Under the Toque: Fiamma’s Trabocchi redefines modern Italian dining

Under the Toque: Fiamma’s Trabocchi redefines modern Italian dining

As is so often the case in those parts of Italy that stir the imagination, Fabio Trabocchi started learning about food as a child. That upbringing led him to cook in kitchens across Europe and, now, in New York. His latest venture is Fiamma [3], a stately fine-dining restaurant on the western edge of Soho — a downtown New York City neighborhood that retains vestiges of old Little Italy even after its fate as a rich and stylish hot spot has been sealed. Trabocchi landed there, in partnership with Steve Hanson’s B.R. Guest [4] Restaurants, after working in Italy, London, Moscow, Spain and the Washington, D.C., area where he won a 2006 James Beard Award as Best Chef in the Mid-Atlantic for his work at Maestro [5]. His expansive and adventurous menu at Fiamma has been similarly well-received, though Trabocchi takes care to suggest it’s also been misperceived, at least in part.

How did food play a role in your upbringing as a child in Italy?

The education I got was indirect because it was so much a part of our lifestyle. I grew up in Le Marche [6] — a region on the Adriatic coast of Italy that has been secluded or set apart, even for Italians, for historical reasons. For hundreds of years the entire economy was set up on sharecropping. My father and my grandfather and [our ancestors] before him, they all worked as farmers running a farm for nobility. My dad was a farmer until he was 27 or 28.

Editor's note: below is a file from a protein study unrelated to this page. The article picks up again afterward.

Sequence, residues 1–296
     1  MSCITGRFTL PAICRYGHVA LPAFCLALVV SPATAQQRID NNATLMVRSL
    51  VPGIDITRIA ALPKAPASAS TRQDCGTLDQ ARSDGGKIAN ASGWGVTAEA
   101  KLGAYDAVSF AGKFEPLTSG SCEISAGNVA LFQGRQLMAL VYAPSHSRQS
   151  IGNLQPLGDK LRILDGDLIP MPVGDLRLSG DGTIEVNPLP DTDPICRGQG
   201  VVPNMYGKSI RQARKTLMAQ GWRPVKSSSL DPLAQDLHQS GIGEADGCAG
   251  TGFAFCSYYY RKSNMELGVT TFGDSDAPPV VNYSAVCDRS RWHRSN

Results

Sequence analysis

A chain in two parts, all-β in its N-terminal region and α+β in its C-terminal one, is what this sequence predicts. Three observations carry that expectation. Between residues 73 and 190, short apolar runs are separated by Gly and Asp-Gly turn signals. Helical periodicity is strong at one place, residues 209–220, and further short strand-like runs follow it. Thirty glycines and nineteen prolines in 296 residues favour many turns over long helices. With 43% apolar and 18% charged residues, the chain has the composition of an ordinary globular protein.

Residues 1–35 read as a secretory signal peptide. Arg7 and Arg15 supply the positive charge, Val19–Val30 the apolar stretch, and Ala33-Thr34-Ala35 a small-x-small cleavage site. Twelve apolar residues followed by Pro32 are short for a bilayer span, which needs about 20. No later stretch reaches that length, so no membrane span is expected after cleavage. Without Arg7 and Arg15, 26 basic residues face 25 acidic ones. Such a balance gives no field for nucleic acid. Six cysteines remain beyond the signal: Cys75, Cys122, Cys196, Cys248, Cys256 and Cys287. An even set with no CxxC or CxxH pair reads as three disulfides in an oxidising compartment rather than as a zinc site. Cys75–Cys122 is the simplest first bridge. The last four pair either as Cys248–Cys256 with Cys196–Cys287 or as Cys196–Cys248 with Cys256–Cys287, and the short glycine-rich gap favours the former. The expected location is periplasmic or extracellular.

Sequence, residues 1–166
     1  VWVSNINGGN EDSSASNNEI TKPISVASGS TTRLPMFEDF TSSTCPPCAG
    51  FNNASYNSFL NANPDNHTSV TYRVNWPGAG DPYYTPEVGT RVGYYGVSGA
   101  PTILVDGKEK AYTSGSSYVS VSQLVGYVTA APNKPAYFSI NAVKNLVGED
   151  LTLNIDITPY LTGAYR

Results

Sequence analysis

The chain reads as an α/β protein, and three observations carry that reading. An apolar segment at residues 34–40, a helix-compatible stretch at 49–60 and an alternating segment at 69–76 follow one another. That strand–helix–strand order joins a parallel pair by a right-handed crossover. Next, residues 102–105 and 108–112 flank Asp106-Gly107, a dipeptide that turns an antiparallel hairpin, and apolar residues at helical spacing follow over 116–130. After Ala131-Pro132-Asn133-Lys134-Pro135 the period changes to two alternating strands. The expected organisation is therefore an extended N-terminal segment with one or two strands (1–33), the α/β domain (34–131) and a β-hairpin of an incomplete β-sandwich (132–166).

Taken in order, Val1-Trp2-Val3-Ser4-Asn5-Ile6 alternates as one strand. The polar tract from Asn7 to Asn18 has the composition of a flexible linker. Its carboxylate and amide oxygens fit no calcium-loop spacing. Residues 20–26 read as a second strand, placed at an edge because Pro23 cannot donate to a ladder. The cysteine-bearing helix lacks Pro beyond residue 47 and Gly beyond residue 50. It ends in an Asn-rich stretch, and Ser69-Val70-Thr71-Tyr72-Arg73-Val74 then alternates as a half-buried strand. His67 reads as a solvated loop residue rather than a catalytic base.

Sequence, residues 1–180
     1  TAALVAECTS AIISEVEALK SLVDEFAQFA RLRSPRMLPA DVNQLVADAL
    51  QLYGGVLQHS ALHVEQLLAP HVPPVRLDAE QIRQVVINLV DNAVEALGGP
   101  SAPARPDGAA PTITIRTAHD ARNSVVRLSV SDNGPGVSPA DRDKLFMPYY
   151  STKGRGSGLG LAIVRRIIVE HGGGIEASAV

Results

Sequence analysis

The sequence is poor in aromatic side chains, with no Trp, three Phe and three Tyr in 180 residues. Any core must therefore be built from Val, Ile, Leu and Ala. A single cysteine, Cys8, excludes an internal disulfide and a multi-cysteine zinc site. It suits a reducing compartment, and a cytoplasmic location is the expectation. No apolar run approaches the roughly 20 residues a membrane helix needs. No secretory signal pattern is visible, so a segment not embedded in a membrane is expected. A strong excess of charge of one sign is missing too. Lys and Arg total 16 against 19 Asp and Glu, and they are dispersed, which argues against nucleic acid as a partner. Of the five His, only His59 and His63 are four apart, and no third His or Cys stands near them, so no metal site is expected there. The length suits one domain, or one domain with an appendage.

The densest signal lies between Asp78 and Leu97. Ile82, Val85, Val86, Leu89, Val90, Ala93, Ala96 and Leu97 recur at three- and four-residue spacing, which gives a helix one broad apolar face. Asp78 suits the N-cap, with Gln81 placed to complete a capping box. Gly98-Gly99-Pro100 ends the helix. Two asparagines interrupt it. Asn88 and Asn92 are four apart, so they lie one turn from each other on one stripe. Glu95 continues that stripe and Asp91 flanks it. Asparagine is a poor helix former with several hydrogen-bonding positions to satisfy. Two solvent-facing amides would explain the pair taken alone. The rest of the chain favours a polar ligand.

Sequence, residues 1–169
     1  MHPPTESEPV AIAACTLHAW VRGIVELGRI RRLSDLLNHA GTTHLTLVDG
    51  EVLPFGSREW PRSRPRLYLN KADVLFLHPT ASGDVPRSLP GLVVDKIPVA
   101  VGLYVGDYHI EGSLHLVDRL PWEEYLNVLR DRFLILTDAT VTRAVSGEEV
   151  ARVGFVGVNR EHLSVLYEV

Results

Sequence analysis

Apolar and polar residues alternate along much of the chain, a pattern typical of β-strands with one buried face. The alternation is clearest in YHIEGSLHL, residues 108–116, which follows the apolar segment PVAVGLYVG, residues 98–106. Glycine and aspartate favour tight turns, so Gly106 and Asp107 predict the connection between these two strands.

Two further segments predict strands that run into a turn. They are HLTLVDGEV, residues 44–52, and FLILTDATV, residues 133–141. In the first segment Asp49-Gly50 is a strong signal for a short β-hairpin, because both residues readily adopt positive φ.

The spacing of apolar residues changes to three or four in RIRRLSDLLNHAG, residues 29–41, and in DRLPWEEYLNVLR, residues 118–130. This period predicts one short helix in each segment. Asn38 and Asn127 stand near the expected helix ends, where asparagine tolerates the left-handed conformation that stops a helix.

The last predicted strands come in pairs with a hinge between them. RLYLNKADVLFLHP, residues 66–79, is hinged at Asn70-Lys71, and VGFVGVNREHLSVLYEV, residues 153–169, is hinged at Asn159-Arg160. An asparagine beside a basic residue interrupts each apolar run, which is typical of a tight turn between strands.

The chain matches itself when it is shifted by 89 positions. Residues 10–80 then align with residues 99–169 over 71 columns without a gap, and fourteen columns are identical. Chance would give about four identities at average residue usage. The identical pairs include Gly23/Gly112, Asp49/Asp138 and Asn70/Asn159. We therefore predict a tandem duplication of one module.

Why did he stop?

In the 1950s, landowners started to sell their property because they were getting aggressively taxed by the government, so it wasn’t worth it anymore. The majority of the farmers had to leave and go out and reinvent their entire lives. That’s what happened to my dad’s family — they went from the farm to the city. But because of his background as a farmer, our grocery shopping was not done at a supermarket. Every weekend my dad loved to cook, and we were surrounded by the best ingredients from the best places, directly from the people who grew it. I went with him to buy our chickens, our eggs, our milk. And there were a lot of people like us in the neighborhood: One of the old farmers became a butcher, so I could go in and spend a day there learning about meat. It was the same with the baker — he was another farmer doing something different in the city.

Was food talked about as something rarefied then?